1. Of, at, relating to, or forming a limit, boundary, extremity, or end: the terminal moraine of a glacier.
2. Botany Growing or appearing at the end of a stem, branch, stalk, or similar part.
3. Of, at, relating to, or being the end of a section or series; final. See Synonyms at last1.
4. Of or relating to a transportation terminal: stopped at the terminal bar for a drink.
5. Relating to or occurring in a term or each term: terminal inventories.
6. Causing, ending in, or approaching death; fatal: terminal cancer; a terminal patient.
7. Informal Extreme: terminal boredom.
1. A point or part that forms the end.
2. An ornamental figure or object placed at the end of a larger structure; a finial.
a. A position in a circuit or device at which a connection is normally established or broken.
b. A passive conductor at such a position used to facilitate the connection.
a. An end of a railroad or other transportation line, or a station at such an end.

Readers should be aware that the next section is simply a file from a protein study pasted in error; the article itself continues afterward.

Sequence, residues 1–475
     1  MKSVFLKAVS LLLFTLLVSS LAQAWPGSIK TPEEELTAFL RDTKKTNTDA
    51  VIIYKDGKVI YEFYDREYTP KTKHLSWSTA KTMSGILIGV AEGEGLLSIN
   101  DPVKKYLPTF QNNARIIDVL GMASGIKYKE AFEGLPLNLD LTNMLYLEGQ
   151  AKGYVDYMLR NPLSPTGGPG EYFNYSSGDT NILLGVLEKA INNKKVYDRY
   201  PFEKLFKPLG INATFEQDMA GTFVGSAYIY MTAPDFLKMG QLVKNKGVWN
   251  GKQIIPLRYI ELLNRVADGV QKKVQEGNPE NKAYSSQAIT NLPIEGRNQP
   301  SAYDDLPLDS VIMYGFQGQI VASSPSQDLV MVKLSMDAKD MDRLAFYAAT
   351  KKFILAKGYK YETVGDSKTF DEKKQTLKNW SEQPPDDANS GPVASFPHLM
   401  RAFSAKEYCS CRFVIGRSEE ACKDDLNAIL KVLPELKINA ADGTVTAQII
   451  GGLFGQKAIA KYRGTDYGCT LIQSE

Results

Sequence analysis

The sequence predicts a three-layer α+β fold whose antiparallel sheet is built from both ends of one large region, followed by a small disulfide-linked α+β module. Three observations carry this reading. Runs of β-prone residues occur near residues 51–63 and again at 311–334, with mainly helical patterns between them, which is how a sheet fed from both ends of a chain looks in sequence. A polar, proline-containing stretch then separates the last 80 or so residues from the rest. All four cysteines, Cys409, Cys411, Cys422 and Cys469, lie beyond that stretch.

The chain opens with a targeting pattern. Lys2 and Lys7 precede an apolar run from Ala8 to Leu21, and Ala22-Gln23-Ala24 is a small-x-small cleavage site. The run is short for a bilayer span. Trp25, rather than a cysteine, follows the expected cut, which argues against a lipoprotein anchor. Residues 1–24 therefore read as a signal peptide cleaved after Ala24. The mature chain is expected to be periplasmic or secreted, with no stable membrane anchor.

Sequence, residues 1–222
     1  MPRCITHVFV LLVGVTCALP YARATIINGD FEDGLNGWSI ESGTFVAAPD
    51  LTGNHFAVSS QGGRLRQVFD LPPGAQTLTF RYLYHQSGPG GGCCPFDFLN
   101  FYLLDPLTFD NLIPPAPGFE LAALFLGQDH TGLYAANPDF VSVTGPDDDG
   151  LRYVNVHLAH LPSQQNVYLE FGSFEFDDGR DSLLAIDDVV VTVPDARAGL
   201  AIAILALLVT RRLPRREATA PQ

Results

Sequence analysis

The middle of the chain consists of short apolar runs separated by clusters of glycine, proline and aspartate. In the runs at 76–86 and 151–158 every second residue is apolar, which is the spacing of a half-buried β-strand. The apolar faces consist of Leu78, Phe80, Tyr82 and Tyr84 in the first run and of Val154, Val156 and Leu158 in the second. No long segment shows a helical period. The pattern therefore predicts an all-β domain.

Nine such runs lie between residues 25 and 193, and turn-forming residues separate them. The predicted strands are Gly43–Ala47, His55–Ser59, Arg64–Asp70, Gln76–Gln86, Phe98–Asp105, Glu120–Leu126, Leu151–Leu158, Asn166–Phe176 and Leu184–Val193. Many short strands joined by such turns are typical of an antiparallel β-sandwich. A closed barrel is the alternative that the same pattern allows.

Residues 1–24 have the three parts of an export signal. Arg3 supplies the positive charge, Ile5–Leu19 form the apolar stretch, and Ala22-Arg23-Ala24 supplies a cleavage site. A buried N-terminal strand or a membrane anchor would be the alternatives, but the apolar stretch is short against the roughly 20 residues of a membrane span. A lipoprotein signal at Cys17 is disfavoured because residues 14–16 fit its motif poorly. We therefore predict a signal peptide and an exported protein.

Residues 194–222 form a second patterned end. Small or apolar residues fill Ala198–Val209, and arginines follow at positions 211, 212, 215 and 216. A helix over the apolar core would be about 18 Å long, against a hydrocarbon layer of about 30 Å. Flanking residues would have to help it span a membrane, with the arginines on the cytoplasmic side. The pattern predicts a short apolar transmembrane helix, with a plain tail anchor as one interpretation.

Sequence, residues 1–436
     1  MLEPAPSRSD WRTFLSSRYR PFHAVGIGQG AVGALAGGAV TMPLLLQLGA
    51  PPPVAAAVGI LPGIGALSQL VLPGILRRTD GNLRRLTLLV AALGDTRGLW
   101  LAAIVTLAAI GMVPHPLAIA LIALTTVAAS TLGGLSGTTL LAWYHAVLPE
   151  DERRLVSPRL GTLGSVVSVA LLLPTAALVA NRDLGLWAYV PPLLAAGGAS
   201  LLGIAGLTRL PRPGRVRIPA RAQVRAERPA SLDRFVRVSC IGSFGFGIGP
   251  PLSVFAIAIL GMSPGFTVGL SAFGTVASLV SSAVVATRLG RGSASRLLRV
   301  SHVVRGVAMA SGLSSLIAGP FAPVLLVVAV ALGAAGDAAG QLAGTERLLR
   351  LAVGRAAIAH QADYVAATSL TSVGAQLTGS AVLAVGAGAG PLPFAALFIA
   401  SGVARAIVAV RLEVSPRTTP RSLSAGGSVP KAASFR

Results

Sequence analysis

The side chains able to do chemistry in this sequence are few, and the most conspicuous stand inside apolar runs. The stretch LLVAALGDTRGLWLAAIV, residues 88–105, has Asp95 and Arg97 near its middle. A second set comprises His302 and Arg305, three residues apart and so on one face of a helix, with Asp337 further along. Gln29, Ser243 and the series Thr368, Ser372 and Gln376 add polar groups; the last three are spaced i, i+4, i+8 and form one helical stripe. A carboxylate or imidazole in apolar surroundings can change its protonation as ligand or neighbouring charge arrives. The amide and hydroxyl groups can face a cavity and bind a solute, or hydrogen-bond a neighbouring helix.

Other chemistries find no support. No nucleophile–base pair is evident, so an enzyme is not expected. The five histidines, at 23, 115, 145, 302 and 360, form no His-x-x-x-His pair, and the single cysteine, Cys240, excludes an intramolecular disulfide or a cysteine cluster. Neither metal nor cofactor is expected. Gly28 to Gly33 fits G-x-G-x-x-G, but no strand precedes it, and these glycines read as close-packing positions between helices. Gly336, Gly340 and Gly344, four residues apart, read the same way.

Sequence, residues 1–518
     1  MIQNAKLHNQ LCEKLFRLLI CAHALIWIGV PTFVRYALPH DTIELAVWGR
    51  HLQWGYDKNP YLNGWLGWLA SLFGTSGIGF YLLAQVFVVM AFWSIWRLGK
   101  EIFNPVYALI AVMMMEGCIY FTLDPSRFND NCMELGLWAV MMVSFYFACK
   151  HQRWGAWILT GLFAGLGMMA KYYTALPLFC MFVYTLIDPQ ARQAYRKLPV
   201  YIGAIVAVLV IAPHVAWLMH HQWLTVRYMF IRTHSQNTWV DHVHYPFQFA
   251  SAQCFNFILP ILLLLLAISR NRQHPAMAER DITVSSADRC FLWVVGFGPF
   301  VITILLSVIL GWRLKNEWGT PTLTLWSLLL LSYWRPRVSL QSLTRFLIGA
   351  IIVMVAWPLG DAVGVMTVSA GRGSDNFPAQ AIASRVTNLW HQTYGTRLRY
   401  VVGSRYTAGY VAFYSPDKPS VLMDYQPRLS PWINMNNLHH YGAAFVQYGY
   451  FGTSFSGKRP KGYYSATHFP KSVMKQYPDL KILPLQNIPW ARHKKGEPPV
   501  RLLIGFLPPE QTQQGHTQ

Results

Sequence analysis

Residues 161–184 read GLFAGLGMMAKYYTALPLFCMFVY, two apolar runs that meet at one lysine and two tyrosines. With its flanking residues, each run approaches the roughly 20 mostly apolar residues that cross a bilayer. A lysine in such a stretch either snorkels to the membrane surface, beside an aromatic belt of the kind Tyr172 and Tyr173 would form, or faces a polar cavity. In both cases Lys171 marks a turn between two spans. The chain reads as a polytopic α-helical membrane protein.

b. A building in an airport where travelers board and get off airplanes.
c. A town at the end of a transportation line.
5. Computers A device, often equipped with a keyboard and a video display, through which data or information can be entered or displayed.
[Middle English, from Latin terminālis, from terminus, boundary.]
The American Heritage® Dictionary of the English Language, Fifth Edition copyright ©2022 by HarperCollins Publishers. All rights reserved.
Indo-European & Semitic Roots Appendices
Thousands of entries in the dictionary include etymologies that trace their origins back to reconstructed proto-languages. You can obtain more information about these forms in our online appendices:
The Indo-European appendix covers nearly half of the Indo-European roots that have left their mark on English words. A more complete treatment of Indo-European roots and the English words derived from them is available in our Dictionary of Indo-European Roots.